Two outstanding personalities
belonging to the world of art, literature, journalism and diplomacy
passed away recently.
One in Delhi the other in
Dhaka, both places relate closely to our heart in recent or distant
past. The impact of both was somehow profound in this country although
for quite different reasons. Here I would like to pen down my own
impressions about both who somehow relate to me in strangely different
First Amrita Pritam
(1919-2005), a doyen of Punjabi literature whose works now form part of
classics especially pertaining to the heart rending tales of partition
and her own life had been full of struggle and disappointments making
her writings ever so poignant and expressive of her inner feelings.
During her lifetime, she published more than 75 books, including 24
novels, 15 collections of short stories, 23 volumes of poetry, two
biographies and a number of works of prose. She received the highest
civilian awards in India, including Padma Shiri, Padma Vibushan, Shitya
Academy Award, Bhartiya Jhanpith Award, as well as honorary doctorate
degrees from five universities.
For a girl who was born in the
obscurity of a backyard of Gujranwala, in a deeply religious Sikh
household all this fame and name was a far cry when she breathed her
last in Hauz Qazi, New Delhi on October 31. However, thoughts on her
place of origin - Gujranwala - had been constantly on her mind, as she
often enquired about her ancestral city from various Pakistani visitors
who met her. One is not sure whether she was able to revisit her
birthplace ever. As someone hailing from the city I had often wondered
about her roots and the exact location in that city of Sikh
stranglehold, Maharaja Ranjeet Singh and dozen Misels (Qilas), as I knew
the city well like the palm of my hand.
Then the penny dropped, as in
one of her recent conversations Amrita had said she was born in Basti
Arian, a locality where I grew up. Located in between Tootianwala
Mohalla, just beyond Ghanta Ghar (Clock Tower) and in between the
sprawling and affluent Guru Nanak Pura, was Basti Arian or known as
Arianah Di Gali, a run down area with mixed population of Muslim urban
peasants (Arians) and Sikhs, mostly consisting of poor families. The
area was renamed as "Mallick Street" back in the 30's after my
maternal grandfather late Hatim Ali Mallick, built a haveli and a mosque
on the top roadside. A few other havelis all by Mallicks (Kasmiris) gave
it a new identity. The only other well-known resident of that Arian
Basti, with a shimmering white haveli built in the middle of katchi
abadi was by Ustad Jhande Khan, the famous Music Director of Bombay
Talkies, who composed such masterpiece music for epic films like "Pukar"
and "Chitarleka" and had returned home after partition to live
his last days there in his ancestral city.
Just to update readers, those
once enviable Havelis of Mallicks are now mostly in ruins and those
non-descript and kacha houses of the gali (street) have been replaced
with modern multi-storey buildings as most local residents have made
riches in UK and Gulf where they emigrated in strength over the years.
This news may surely have uplifted the spirits of Amrita had she known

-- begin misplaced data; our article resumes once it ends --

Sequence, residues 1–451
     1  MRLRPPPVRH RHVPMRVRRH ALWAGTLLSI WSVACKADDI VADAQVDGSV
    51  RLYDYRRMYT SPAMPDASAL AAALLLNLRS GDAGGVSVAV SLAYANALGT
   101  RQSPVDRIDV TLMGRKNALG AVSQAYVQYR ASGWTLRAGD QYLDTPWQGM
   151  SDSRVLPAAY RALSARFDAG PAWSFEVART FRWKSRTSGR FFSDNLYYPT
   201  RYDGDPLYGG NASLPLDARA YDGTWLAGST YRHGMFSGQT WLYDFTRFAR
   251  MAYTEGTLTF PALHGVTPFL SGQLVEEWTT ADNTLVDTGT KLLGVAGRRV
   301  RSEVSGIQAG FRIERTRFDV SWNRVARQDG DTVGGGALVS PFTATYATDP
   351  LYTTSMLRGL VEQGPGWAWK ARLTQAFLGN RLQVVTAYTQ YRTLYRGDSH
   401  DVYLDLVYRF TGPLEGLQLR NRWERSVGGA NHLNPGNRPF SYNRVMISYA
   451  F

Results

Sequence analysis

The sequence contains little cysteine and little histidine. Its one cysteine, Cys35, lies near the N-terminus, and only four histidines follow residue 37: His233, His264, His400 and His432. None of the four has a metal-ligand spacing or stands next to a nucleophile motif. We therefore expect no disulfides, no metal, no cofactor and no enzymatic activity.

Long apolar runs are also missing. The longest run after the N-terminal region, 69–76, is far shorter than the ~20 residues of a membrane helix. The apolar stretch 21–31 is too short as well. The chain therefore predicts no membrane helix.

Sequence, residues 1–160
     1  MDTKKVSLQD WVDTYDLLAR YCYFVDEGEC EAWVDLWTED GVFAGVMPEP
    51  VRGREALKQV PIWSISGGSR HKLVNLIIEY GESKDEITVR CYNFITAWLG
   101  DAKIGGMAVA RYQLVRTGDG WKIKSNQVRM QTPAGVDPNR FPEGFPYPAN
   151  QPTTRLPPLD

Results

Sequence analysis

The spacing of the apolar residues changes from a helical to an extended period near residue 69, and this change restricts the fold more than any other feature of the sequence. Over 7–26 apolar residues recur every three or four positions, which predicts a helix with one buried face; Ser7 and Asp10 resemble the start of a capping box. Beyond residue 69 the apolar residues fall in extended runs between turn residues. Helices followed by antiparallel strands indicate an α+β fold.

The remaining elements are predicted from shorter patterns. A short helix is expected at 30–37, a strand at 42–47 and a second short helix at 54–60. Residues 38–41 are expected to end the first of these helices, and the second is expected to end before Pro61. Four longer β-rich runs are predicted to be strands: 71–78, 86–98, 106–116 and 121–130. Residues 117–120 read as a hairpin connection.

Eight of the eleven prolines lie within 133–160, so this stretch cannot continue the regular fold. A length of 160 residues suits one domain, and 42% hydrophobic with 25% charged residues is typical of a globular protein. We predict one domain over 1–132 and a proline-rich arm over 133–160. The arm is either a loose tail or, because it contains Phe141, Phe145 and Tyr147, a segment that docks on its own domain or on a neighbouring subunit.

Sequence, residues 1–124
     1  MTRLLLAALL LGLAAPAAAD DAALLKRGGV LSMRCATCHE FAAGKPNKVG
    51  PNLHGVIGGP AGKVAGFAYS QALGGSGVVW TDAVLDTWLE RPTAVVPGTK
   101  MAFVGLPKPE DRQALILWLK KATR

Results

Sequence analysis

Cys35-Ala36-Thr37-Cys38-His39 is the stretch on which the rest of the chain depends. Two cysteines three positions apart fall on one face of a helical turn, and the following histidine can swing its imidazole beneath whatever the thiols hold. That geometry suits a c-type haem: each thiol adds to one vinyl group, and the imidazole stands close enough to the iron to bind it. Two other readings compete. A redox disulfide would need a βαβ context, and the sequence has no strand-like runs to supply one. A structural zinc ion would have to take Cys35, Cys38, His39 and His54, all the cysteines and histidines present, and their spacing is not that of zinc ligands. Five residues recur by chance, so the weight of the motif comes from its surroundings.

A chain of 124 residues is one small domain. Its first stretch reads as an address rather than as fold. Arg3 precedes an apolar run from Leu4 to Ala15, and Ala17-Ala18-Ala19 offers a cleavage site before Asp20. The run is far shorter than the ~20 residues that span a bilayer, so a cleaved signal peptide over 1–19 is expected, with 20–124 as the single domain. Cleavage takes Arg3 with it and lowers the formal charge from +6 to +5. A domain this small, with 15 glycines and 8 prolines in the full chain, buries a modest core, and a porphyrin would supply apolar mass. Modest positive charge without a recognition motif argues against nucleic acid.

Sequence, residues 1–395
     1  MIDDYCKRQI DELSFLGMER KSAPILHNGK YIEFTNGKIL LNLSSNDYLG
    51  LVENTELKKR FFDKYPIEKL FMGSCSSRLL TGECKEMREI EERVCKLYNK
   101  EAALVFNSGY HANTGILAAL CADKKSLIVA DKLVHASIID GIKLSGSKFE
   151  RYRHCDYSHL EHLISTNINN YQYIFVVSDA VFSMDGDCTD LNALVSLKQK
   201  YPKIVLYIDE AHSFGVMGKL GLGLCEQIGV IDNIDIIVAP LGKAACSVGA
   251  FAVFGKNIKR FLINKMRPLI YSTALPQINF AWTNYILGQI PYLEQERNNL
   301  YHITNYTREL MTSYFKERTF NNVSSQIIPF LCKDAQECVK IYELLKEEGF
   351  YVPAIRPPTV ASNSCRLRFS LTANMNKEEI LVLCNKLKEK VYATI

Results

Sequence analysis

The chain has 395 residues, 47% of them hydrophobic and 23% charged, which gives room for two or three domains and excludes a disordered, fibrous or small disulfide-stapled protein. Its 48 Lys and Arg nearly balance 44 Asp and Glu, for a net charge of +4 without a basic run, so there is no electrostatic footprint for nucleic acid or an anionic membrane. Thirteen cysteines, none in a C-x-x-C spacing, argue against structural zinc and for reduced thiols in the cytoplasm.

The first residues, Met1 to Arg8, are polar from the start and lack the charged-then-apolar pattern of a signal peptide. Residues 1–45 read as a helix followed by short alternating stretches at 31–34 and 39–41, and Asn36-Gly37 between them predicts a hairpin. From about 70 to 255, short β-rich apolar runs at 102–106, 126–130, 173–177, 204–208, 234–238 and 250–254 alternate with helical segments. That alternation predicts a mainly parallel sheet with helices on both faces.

it or seen with the own eyes before her death about the transformation
of the neighborhood where her roots belonged.
Passing away of a "dear
Another recent loss of an
eminent personality in Dhaka was of Enayatullah Khan, founder and editor
of Holiday, an influential political weekly of Bangladesh and one of the
driving forces behind SAFMA.
Tall and ever-smiling and
friendly Enayatullah was known as "Minto" to close friends,
and I happened to be one of them. It was way back in 1961, I had met a
young tall and lanky reporter of Pakistan Observer, who was to become a
life long friend and with whom I had the privilege to work closely for
many years in the newly launched weekly Holiday. Scion of a
distinguished family, son of former National Assembly Speaker Abdul
Jabbar Khan, he was one of eleven siblings who made their own identity.
One elder brother became a top senior civil servant and a younger
brother Rashid Menon, headed NAP (Menon Group) with his radical
policies. Enayatullah had been one of few Bengali journalists whom late
ZAB befriended but the honeymoon could not last long.
After army action in East
Pakistan, Enayatullah, as like other Bengali intellectuals, were up in
arms especially after the reported "mass killing" of
intellectuals. But Enayatullah soon found himself disillusioned even
with "Bangla Bandhu" who promptly jailed him for his highly
critical views about his policies. It was only after late General Ziaur
Rehman came to power that Enayat got liberty to first become the
powerful Chief Editor of newly launched Bangladesh Times and then a
Cabinet Minister. Minto, who kept his "Holiday" paper going
throughout was soon to become the new country's Ambassador - first to
neighboring Burma (Myanmar) and then to Peoples Republic of China. Even
after his return he remained in limelight as a voice of reason and
sanity in the country often in the midst of political chaos and turmoil
between leading rival parties. Enayatullah was a regular visitor to
Pakistan and never lost touch with his old friends. He had found a
fitting role to support and help SAFMA become a force to reckon with.
In his departure one has lost a
dear and affectionate friend and someone who was one of fast diminishing
links with what was known as "East Pakistan". God Bless you my
friend and my deep condolence to his family.